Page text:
J.R. Richard, Ruston’s legendary MLB All-Star, dies at 71

One of the most phenomenal hometown heroes in the rich sports history of Lincoln Parish, Houston Astros All-Star baseball pitcher James Rodney “J.R.” Richard, died Thursday at age 71.

Richard passed in Houston, where he became the most dominant pitcher in Major League Baseball in 1980, and where he lived under a highway overpass, destitute, in 1994-95 after failed business ventures and two broken marriages until a church played a key role in helping him put his world back together.

He found a construction job, became a pastor, remarried, taught baseball to kids and became an advocate for the indigent. He was enshrined in the Louisiana Sports Hall of Fame in 1988, before he hit rocky times, and in the Houston Astros Hall of Fame as one of 16 inaugural members in 2019.

Raised in Vienna, Richard was a dominant three-sport athlete at all-black Lincoln High School. His exploits and skill set made him the No. 2 overall MLB Draft pick by Houston in 1969. An imposing 6-foot-8, he owned a 100-mph fastball and a devastating slider that overwhelmed batters.

In one of his no-hitters, he struck out 19 of 21 batters and hit four consecutive home runs, three grand slams, in a 48-0 victory over Jackson High. That earned him a place in Sports Illustrated’s “Faces in the Crowd.”

“Everybody expected him to be good and he would then go out and try to live up to those expectations,” said his Lincoln High coach, Robert Smith. “He hated to fail.”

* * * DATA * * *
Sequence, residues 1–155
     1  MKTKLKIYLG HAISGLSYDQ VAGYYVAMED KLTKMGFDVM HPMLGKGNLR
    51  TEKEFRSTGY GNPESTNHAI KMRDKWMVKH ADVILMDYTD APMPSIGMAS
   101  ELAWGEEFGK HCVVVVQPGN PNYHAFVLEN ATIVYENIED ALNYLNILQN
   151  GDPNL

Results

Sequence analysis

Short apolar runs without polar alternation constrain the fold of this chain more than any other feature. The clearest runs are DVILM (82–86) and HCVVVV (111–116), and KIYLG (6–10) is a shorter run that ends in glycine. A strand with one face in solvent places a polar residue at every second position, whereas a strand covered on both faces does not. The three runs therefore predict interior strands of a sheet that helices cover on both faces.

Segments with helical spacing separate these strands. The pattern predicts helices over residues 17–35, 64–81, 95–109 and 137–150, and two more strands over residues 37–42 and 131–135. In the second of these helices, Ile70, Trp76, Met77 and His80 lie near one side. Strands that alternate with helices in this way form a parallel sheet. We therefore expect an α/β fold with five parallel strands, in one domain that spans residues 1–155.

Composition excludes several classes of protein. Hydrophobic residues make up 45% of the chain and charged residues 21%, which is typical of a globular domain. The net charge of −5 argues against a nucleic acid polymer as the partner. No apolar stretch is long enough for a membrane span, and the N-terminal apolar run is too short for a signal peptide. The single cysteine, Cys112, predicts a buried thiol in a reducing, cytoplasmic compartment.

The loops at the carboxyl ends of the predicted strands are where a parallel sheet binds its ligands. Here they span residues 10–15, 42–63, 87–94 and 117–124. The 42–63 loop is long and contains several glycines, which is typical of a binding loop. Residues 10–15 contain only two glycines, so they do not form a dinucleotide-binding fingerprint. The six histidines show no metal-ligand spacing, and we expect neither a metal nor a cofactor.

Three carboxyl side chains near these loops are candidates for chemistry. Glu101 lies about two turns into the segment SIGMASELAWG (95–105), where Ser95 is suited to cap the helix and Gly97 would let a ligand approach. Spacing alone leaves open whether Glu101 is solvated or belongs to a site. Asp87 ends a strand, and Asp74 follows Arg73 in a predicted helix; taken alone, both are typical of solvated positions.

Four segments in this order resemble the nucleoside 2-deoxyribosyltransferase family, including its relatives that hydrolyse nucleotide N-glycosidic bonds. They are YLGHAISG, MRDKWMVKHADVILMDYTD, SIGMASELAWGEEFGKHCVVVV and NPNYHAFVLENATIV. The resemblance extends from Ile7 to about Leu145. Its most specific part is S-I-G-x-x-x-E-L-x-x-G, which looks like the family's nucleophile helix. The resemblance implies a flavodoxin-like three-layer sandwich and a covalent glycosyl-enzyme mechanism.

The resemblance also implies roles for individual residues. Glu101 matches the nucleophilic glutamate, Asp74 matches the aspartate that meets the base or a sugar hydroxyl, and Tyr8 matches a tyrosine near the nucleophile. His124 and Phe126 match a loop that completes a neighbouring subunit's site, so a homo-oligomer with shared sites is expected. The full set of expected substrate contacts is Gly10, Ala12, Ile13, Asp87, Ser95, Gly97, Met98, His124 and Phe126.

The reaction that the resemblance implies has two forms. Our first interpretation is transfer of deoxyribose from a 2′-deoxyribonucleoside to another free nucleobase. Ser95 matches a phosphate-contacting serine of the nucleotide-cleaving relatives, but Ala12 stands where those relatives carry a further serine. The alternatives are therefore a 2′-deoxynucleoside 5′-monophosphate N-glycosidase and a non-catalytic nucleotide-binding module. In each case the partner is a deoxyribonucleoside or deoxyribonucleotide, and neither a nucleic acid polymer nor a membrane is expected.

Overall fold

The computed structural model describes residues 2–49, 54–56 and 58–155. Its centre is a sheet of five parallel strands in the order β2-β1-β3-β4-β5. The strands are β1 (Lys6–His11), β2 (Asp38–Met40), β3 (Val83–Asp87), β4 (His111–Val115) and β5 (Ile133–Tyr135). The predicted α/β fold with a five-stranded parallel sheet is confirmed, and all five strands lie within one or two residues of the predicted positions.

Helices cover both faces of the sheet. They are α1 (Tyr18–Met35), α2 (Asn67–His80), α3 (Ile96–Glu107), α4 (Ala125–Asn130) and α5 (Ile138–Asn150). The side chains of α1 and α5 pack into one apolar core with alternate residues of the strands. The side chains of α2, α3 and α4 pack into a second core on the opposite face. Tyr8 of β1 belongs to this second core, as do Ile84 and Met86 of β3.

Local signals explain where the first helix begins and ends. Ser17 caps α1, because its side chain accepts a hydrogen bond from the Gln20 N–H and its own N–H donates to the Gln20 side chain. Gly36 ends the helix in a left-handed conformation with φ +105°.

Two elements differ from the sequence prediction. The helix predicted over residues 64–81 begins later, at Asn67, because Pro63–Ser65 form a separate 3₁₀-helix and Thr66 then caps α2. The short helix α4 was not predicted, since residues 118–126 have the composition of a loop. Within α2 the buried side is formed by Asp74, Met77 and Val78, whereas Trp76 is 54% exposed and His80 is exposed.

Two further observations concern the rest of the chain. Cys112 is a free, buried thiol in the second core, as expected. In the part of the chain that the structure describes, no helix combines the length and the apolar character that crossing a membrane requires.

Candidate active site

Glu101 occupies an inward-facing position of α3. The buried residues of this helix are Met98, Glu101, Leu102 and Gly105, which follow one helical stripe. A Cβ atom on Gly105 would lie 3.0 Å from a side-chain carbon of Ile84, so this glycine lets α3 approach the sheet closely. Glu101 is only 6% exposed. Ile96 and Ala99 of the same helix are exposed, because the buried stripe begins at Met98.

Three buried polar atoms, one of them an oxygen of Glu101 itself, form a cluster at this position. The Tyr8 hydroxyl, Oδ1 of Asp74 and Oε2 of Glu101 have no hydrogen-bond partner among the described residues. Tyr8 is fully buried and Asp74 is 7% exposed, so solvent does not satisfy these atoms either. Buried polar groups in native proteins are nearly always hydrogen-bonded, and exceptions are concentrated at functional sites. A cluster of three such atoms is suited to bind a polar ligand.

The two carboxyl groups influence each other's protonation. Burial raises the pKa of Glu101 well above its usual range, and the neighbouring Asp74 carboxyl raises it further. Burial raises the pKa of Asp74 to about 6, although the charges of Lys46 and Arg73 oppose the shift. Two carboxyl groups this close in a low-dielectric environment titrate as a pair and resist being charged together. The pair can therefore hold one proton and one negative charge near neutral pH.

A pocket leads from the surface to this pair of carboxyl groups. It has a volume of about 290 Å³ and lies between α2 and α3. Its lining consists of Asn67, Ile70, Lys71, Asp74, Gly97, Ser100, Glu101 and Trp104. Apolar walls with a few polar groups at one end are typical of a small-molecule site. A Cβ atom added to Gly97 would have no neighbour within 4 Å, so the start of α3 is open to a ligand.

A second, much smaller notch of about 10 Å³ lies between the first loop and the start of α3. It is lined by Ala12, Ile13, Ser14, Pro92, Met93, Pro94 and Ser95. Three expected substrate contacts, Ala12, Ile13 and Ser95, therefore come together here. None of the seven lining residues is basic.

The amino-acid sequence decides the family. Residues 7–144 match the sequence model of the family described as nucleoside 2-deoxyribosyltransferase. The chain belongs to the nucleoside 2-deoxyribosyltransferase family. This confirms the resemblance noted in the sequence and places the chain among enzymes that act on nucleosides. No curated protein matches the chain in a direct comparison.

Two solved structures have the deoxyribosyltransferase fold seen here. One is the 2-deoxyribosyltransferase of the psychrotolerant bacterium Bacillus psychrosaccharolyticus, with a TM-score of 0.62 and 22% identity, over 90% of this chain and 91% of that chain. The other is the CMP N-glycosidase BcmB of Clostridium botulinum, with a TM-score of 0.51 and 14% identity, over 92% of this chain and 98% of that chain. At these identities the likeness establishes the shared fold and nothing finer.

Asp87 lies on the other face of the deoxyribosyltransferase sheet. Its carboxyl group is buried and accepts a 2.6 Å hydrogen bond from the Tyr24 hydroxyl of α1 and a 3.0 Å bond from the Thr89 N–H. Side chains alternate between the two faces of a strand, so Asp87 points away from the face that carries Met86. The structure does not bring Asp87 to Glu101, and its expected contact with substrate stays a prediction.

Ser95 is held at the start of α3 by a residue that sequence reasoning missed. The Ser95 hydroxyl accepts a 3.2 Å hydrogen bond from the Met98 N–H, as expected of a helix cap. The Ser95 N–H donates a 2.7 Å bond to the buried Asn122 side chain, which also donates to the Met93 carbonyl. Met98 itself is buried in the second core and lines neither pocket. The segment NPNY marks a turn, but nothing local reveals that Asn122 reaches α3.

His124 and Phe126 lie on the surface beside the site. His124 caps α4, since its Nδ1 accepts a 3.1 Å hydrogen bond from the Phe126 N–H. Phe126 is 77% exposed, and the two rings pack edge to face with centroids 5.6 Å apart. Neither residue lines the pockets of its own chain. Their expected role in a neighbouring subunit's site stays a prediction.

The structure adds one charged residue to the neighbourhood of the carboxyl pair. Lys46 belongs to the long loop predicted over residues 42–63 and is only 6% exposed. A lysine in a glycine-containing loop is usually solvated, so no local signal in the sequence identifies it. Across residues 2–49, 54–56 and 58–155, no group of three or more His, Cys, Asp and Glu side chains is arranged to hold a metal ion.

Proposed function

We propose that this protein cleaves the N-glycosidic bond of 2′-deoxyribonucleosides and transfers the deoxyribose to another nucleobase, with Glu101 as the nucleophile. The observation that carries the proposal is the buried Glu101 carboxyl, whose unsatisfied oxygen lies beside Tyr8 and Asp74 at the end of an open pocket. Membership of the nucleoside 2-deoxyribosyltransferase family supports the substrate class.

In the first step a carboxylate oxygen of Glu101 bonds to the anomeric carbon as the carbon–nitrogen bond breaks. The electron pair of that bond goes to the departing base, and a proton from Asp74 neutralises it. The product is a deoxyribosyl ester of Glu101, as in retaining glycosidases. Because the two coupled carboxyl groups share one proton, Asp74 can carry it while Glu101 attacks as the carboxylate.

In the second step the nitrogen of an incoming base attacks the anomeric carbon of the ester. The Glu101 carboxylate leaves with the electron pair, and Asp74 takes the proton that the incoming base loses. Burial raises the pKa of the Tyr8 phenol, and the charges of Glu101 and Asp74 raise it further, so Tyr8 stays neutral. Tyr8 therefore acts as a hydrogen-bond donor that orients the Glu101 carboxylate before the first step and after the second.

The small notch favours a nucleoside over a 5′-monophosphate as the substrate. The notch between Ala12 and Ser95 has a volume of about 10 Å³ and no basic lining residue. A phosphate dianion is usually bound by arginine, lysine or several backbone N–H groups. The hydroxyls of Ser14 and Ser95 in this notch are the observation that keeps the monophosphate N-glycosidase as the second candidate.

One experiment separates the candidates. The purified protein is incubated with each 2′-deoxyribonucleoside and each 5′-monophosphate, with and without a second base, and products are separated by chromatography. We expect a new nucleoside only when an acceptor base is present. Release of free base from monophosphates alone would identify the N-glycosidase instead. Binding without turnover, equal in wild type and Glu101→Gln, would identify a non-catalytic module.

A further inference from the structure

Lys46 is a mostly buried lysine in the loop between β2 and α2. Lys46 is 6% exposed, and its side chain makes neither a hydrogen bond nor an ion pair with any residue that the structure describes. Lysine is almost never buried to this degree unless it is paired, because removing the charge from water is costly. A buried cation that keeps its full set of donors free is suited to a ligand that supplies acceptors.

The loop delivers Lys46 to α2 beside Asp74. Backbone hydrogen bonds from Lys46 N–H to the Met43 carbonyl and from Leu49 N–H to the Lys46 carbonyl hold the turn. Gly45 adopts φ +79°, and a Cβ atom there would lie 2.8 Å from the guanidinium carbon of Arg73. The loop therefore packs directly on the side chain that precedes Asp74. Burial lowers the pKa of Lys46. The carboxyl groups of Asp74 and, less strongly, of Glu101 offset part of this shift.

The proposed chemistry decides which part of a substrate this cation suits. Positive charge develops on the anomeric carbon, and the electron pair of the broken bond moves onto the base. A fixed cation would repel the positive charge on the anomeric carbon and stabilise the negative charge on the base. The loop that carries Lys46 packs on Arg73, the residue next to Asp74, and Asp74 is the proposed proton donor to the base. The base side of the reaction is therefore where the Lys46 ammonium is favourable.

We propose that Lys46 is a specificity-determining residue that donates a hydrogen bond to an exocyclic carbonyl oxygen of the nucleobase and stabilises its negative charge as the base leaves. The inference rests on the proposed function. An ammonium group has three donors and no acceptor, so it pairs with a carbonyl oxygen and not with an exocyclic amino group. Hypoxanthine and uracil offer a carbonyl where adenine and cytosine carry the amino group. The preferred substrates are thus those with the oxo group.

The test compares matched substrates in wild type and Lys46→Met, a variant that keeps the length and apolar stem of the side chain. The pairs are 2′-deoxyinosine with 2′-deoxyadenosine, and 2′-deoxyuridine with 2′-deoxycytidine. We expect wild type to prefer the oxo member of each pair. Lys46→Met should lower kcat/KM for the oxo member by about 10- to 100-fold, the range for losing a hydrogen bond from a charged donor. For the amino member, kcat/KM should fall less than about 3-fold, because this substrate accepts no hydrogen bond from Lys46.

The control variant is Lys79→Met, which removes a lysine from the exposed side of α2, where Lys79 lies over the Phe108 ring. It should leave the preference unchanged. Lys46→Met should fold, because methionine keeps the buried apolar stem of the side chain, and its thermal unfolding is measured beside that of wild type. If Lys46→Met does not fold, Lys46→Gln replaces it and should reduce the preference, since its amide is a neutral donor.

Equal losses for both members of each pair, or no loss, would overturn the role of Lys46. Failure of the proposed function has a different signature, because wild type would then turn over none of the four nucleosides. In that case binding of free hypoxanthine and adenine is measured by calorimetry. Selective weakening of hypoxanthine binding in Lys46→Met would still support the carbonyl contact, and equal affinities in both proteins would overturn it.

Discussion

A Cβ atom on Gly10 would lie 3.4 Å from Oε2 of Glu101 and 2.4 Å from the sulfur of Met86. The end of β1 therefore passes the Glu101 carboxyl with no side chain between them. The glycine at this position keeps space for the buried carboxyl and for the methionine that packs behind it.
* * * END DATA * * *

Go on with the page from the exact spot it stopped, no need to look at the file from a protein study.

Richard had a perfect 0.00 earned run average as a senior, 11-0 on the mound, and his statistics in other sports were equally impressive.

As Lincoln’s quarterback, he completed 65 percent of his passes and had a 48-yard punting average. Once, he threw the ball from his 20-yard-line to the opponents’ goalline. In basketball, he averaged 35 points and 22 rebounds and was considered one of the top five college prospects in the state.

The legendary sportswriter and broadcaster Heywood Hale Broun came to Ruston to do a feature on Richard – and followed it up in the early years of his pro career.

Two years later, Richard made his first major league start in 1971 and struck out 15 San Francisco Giants, including Willie Mays, in a complete game victory.

He posted a 107-71 record in the big leagues over parts of 10 seasons, halted by a life-threatening stroke in July 1980 as he had just emerged as the most fearsome pitcher in MLB. He started the 1980 All-Star Game and struck out three American League stars in two innings.

He had just hit his prime when he collapsed while working out a couple weeks later at the Astrodome, after he had complained of fatigue for over a month.

Richard went 20-15 in 1976, then had at least 18 wins in three straight seasons. He led the National League in strikeouts in 1978 (303), and in ERA a year later (2.71). He fanned 1,489 batters in the 1,606 innings he pitched in the big leagues, posting a career 3.15 ERA.

“He was the toughest guy I ever faced,” said his friend, current Astros manager Dusty Baker, who played 19 years of major league baseball.

“I used to drive from California to Ruston, Louisiana, pick up my roommate Ralph Garr, and J.R. was from Ruston, too. We’d hang around in Grambling,” said Baker, quoted by Jake Kaplan of The Athletic. “We became friends although we were adversaries on the mound … I got him a couple times, but he got me a whole bunch of times.”

Baker spoke of Richard’s intimidating frame and demeanor.

“The plate is 60 feet, 6 inches from the mound, but J.R. was only throwing from about 50 feet so you didn’t really have that much time to make up your mind. Plus, he was a little bit wild, and you really didn’t feel comfortable in the box. There was such a thing called J.R.-itis. It’s an incurable disease when you’re afraid of J.R. There were a lot of guys who would take a day off when J.R. was pitching.”

Visit https://www.mlb.com/news/j-r-richard-dies for more information and video highlights and an interview with the legendary Lincoln Parish native.

PHOTO:  Courtesy MLB.com

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